It’s easy, and tempting, to cherry-pick opinion polls for results that cast an upbeat light on climate concern in general and carbon-taxing in particular. But three polls from early 2015, early 2016 and late 2016, respectively, are so scrupulous as to make their positive findings noteworthy and important.
In January 2015, political scientists at Stanford University and Resources for the Future who for years have been polling Americans on climate concern and policy commissioned the polling firm SSRS to interview 1,023 U.S. adults on climate-related issues. Perhaps because CTC had been beseeching the lead Stanford researcher (Jon Krosnick), or maybe because the time was finally ripe, SSRS included questions designed to take Americans’ temperature on revenue-neutral carbon taxes. (We had explained the need for carbon-tax polling to incorporate the option of returning revenues to households; otherwise, the tax would appear as all stick and no carrot.)
The results, released in April 2015 (pdf) and reported virtually live by CTC, showed that two-thirds of Americans support making corporations pay a price for carbon pollution, provided the revenues are redistributed, i.e., made revenue-neutral. The poll’s finding is the most powerful indication yet that the public is warming to carbon taxation as the premier policy for combating climate change.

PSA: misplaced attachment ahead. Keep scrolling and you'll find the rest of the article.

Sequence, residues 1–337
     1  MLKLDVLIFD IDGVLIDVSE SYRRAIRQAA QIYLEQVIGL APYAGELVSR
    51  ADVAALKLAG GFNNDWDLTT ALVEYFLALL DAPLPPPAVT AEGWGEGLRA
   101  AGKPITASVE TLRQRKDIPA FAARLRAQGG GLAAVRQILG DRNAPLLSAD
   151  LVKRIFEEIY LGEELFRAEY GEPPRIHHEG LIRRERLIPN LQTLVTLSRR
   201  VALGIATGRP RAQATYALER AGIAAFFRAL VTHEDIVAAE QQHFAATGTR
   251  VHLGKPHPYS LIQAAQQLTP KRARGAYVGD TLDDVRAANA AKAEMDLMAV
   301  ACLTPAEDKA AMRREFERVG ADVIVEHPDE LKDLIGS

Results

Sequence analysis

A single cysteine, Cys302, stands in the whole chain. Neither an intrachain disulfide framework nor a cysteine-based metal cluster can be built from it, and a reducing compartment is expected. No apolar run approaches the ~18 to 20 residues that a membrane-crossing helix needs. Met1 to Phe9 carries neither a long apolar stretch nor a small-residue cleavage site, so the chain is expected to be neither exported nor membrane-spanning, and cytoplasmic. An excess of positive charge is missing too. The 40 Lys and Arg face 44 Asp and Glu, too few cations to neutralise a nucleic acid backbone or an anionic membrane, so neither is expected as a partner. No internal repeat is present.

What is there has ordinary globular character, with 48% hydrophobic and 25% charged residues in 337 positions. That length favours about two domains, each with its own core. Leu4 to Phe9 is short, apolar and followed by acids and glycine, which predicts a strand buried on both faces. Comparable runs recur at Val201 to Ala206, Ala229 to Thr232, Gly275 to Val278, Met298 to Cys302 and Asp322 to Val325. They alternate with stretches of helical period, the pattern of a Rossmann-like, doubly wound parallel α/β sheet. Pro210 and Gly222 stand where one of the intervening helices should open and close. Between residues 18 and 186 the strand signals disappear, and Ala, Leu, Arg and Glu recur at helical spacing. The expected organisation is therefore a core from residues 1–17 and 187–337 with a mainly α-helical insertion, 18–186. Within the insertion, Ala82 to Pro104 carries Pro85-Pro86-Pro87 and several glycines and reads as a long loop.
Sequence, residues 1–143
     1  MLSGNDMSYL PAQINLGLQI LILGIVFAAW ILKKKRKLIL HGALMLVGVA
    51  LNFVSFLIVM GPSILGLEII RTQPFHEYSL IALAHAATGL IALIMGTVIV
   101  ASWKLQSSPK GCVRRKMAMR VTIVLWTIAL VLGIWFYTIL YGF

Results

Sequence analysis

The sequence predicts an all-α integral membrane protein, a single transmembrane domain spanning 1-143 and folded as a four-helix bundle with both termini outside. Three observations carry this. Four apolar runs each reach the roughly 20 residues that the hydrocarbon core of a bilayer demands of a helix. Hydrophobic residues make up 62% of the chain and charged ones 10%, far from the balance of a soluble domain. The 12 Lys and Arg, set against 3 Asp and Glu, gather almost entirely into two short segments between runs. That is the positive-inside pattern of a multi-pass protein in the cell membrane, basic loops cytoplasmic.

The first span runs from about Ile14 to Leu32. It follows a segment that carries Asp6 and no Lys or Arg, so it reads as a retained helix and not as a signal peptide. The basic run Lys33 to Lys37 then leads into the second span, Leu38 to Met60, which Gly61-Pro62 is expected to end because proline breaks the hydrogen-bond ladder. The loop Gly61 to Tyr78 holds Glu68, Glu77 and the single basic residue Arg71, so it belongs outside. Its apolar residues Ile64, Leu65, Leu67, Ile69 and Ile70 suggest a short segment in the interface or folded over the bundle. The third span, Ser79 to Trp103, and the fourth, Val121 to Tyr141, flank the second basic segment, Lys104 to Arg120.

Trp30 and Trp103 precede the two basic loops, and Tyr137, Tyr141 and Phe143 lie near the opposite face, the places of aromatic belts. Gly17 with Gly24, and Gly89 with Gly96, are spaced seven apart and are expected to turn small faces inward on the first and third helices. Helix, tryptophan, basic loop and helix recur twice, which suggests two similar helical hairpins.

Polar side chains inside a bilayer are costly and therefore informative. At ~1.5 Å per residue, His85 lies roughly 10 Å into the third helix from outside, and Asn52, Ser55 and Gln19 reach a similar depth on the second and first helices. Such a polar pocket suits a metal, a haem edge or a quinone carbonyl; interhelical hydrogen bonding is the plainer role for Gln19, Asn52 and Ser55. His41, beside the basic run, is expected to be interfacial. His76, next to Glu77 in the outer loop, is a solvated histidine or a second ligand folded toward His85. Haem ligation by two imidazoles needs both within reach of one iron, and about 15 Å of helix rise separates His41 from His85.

Those findings are buttressed by a poll of more than a thousand registered U.S.voters conducted shortly after the 2016 national elections, between November 18 and December 1, 2016. The “Politics and Global Warming” poll performed by the Yale Program on Climate Change Communication found that
“Two in three registered voters (66%) support requiring fossil fuel companies to pay a carbon tax and using the money to reduce other taxes (such as income tax) by an equal amount – a plan often referred to as a ‘revenue neutral carbon tax.’ 81% of Democrats, 60% of Independents, and 49% of Republicans support this policy.”
Full Yale poll here, Yale summary here, CNBC article here (“Nearly half of Republicans favor this kind of carbon tax, contrary to GOP platform”). A related publication, Climate Change in the American Mind, contains revealing details on the evolution of climate concern (but not on carbon taxes or other possible policy responses) among Americans since 2008.
Similarly, in March 2016, nearly two-thirds (64%) of American adults told Gallup’s annual environmental poll that they are worried a “great deal” or a “fair amount” about global warming. That figure is up from 55% in March 2015 and is the highest reading since 2008, according to Gallup. (See graphic at right.)